Tidying Up

    Anthurium 'A4' (PACORA™) PP11728

    Wipe down the leaves of large-leaved plants, such as this Anthurium, if they become dingy or dusty. (Jessie Keith)

    Your plants, especially those that have summered outside, probably could use a little TLC.  Prune out weak stems, and cut back those that are too gangly.  If the plant has glossy leaves, like a gardenia, gently wipe the foliage with a damp cloth to eliminate pore-clogging dust.  Check stems, leaves, root ball for pests.  Many can be dislodged with a stream of water or application of insecticidal soap. If the plant is pot bound, repot with fresh media, like Fafard® Professional Potting Mix, in a clean container that is about one third larger than its predecessor.  Winter will not bring much growth, but it won’t bring strangulation either.



    Clivia are midwinter bloomers that need bright indirect light for good flowering. (Jessie Keith)

    If you are blessed with a lighted greenhouse, all you have to do is find appropriate spaces for houseplants that prefer a bit of shade.  But if you, like many gardeners, have to rely on windowsills, try to put most of your plants in south-facing ones.  This may be too much for some popular indoor varieties, like African violets or fancy-leaf begonias.  Save areas with bright indirect light, like north-facing windows for them. Be sure to rotate your houseplants regularly to even out light exposure and avoid lopsided growth.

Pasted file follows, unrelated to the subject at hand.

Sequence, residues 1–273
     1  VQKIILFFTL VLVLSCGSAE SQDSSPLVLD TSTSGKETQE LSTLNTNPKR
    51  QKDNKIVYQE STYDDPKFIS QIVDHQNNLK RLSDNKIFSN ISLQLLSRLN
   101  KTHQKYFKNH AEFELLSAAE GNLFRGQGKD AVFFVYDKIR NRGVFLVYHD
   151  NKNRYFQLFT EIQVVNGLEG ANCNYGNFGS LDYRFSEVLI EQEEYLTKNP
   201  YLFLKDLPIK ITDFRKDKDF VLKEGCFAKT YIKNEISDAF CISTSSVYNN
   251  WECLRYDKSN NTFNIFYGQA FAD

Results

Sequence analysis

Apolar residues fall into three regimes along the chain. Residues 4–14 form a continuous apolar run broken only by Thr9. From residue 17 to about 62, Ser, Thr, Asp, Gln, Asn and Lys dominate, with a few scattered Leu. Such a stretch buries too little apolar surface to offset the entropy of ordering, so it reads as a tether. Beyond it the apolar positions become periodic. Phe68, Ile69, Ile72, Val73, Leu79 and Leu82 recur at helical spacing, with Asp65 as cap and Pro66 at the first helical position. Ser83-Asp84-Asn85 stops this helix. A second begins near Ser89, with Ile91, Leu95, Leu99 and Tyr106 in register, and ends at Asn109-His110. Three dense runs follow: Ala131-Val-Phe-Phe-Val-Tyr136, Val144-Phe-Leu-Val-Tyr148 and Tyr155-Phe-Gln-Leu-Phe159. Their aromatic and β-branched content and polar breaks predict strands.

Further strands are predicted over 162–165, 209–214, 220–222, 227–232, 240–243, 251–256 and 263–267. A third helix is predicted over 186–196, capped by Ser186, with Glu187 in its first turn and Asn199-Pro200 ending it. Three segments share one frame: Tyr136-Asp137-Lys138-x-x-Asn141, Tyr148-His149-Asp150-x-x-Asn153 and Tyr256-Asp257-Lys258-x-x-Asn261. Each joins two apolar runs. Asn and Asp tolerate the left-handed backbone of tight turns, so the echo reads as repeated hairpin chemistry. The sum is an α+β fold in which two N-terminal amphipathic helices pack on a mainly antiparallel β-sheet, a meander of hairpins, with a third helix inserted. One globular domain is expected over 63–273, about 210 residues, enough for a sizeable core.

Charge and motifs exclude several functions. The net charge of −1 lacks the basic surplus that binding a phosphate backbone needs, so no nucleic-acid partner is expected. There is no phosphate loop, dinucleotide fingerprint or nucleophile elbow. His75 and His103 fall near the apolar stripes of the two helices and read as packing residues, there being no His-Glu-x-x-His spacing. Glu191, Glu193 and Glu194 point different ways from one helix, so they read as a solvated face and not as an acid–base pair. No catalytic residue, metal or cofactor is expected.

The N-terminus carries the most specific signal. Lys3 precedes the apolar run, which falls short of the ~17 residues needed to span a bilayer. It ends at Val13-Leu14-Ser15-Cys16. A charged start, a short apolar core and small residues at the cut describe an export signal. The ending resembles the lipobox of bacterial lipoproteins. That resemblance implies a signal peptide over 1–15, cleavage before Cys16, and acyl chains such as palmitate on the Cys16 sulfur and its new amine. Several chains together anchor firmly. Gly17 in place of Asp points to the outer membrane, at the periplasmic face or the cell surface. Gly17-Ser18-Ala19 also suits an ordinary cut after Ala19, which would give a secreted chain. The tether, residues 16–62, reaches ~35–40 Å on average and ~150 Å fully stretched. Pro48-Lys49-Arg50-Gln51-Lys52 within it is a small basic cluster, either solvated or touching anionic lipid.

In general, fertilize plants when they are in active growth.  For most plants this means little or no feeding in late fall and winter.  The caveat is that you should know your plant.  If it is a winter bloomer, it may need fertilizer during the colder months.  A little research on individual species will ensure that you fertilize properly for winter blooms.


    Calathea lancifolia

    Low humidity caused the leaf edges of this Calathea to turn brown and dry. (Jessie Keith)

    Houseplants like more humidity—generally 40-50 percent— than the average indoor environment provides in winter.  If all your plants are in a single room, think about investing in a humidifier.  The added moisture in the air will be good for you, the plants and any wooden furniture in the immediate area.  If a humidifier is not an option, fill deep plant saucers with pebbles and water and stand the plants on them, making sure that the bottoms of the pots are not standing in water.  Replenish the water around the pebbles every few days or as needed.  If plants are grouped together and each stands on a bed of pebbles and water, the humidity level around them will be comfortably high.


    Agave victoriae-reginae 'Variegata'

    Succulents, such as this variegated Agave, need very little water in the winter months. (Jessie Keith)

    Overwatering is the most frequent cause of houseplant death.  Fortunately, it is also the most preventable.  Before you water, take a look at the plant.  Is the top inch of the soil dry to the touch?  If you pick up the container, does it feel relatively heavy or light?  If the specimen in question is a succulent, it is best to water them very sparingly in winter. If your plant appears to be too dry, gently feel a leaf or two.  Thirsty succulents tend to have slightly flaccid leaves.

    If the plant is dry, water thoroughly until water flows out of the holes in the bottom.  Deep watering once or twice a week in the winter is much better for overall health than adding a little water every day. Some houseplants, such as African violets and Streptocarpus, need to be watered from the bottom to keep their leaves from getting wet; moisture on the leaves causes spotting and damage.